and y axes.
r sinq (eij + e-ij ) = 2r sinq cosj = 2x
3
l = 1, m = 1, Ylm =
sin q eij
8p
3
l = 1, m = 0, Ylm =
cosq
4p
3
l = 1, m = -1, Ylm = sin q e- ij
8p
r sinq (eij - e-ij ) = 2ir sinq sinj = 2iy
We are entitled to take any linear combination of
degenerate eigenfunctions (with the same n and l) to
form another eigenfunction (with the same energy and
total angular momentum but no well-defined ml).
x  r sin  cos
y  r sin  sin 
z  r cos
The px and py orbitals
The d orbitals

The linear combination of d+2, d+1, d0, d–1, d–2 can give
rise to dxy, dyz, dzx, dx –y , d3z –r .
They are degenerate (the same n and l = 2) and have
the same energy and same total angular momentum.
They no longer have a well-defined ml except for ml = 0
(d3z –r ).
2


2
2
2
2
2
Size of the hydrogen atom

Calculate the average radius of the hydrogen
atom in the ground state (the electron is in the
1s orbital).
1 -r/a
Y ( r,q ,j ) =
e
3
p a0
0
ˆ dt =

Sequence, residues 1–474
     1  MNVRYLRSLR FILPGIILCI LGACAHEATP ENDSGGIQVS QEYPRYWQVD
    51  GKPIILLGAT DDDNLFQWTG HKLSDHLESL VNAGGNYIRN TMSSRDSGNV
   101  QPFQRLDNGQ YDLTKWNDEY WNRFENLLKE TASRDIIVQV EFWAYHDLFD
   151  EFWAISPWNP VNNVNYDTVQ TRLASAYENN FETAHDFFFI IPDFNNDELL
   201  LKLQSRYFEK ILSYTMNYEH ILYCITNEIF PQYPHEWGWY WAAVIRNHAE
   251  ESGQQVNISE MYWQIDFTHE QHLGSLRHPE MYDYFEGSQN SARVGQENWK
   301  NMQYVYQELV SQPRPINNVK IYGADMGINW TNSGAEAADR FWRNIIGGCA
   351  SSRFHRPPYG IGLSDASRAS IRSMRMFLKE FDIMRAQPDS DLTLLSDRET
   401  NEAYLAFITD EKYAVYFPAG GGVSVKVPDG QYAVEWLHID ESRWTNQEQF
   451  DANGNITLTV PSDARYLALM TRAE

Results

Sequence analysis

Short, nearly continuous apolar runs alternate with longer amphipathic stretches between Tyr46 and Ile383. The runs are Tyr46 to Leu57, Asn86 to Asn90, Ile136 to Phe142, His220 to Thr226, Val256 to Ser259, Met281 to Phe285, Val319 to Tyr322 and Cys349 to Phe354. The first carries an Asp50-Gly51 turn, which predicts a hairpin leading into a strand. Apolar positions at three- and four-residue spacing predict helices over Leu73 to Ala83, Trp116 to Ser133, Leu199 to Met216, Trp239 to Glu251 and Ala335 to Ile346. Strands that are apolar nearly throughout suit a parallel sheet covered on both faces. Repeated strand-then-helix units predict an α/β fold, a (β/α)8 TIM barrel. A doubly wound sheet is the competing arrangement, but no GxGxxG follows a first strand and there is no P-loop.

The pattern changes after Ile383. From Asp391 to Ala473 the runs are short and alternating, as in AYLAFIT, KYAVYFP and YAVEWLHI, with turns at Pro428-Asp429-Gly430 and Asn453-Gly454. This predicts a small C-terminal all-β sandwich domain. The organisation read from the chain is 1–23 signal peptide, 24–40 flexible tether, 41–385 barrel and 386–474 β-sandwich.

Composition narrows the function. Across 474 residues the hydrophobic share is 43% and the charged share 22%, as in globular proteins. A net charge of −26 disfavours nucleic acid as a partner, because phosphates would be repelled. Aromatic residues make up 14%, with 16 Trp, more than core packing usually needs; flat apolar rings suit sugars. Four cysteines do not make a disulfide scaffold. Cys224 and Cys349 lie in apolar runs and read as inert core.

W = ò Y WY
ò
*
¥
0


0
p
2p
0
0
ò ò
n  ax
xe
ˆ 2 sinq dr dq dj
Y*WYr
n!
dx  n 1
a
The solution
r = ò Y rY d t = ò r Y d t
*
2
1 ¥ p 2p -2r /a0 2
= 3 ò ò ò re
r sinq drdq df
p a0 0 0 0
4 ¥ 3 -2r /a0
3
= 3ò re
dr = a0
2
a0 0
Radial distribution functions

Because the wave function is the product of
radial (R) and angular (Y) parts, the
probability density is also the product …
2
1 = òòò Y n,l ,m r 2 sin q dr dq df
l
2
2
= òòò Rn,l (r) Yl ,m (f ,q ) r 2 sin q dr dq df
l
2
= ò Rn,l (r) r dr
2
2
1 = òò Yl,m (f ,q ) sinq dq df
Radial distribution function
(probability of finding an electron in
the shell of radius r and thickness dr)
l
Size of the hydrogen atom

Calculate the most probable radius of the
hydrogen atom in the ground state (the electron
is in the 1s orbital).
R(r ) =
2
a
3
0
4
e
R(r )
3
2
- r/a0
2
R(r ) r 2
2
1
0
1
2
3
r / a0
4
5
6
The solution
0=
(
2
¶ R r2
¶r
) = 4 æç 2re
-2r /a0
a è
3
0
2r -2r /a0 ö
e
÷
a0
ø
2
r = a0
Most probable
point
Average
radius
Most probable
radius
4
R(r )
3
2
2
R(r ) r 2
2
1
0
1
2
3
r / a0
4
5
6
Summary

Examining the solutions of the hydrogenic
Schrödinger equation, we have learned the
quantum-mechanical explanations of
chemistry concepts such as





discrete energies of the hydrogenic atom
ionization and continuum states
atomic shell structures
s, p, and d-type atomic orbitals
atomic size and radial distribution function